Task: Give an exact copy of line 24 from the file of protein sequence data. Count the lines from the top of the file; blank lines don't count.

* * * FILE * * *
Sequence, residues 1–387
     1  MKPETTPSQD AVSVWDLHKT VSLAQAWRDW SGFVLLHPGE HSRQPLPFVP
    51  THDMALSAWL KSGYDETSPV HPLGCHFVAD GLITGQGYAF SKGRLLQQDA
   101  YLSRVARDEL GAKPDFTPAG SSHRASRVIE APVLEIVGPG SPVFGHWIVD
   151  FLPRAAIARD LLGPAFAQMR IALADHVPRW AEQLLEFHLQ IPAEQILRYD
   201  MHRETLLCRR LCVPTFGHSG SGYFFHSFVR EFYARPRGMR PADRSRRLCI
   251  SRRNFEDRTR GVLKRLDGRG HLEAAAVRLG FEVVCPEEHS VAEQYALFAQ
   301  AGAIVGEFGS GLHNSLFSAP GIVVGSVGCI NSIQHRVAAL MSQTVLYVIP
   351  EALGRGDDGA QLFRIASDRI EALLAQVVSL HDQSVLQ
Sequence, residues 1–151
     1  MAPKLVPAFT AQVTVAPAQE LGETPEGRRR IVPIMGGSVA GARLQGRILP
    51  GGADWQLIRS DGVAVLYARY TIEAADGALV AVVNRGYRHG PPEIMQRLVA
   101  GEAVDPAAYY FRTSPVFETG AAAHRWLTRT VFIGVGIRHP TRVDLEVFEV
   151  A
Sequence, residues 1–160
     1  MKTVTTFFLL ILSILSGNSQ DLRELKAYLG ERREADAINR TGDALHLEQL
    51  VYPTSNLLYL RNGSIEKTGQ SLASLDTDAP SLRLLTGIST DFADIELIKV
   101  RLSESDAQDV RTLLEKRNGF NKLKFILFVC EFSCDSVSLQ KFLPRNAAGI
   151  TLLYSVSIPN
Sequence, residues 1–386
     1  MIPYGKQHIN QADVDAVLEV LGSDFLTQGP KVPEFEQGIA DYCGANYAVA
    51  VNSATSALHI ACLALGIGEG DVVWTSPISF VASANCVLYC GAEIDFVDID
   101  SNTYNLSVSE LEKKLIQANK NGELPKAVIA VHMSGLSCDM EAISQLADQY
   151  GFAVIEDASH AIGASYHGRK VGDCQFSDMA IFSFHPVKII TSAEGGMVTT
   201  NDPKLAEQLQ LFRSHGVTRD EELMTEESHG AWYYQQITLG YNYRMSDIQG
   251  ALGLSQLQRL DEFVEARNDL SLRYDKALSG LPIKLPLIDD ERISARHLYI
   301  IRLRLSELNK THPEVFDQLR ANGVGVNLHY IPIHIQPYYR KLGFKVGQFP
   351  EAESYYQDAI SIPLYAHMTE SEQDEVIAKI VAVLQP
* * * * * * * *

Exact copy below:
   151  GFAVIEDASH AIGASYHGRK VGDCQFSDMA IFSFHPVKII TSAEGGMVTT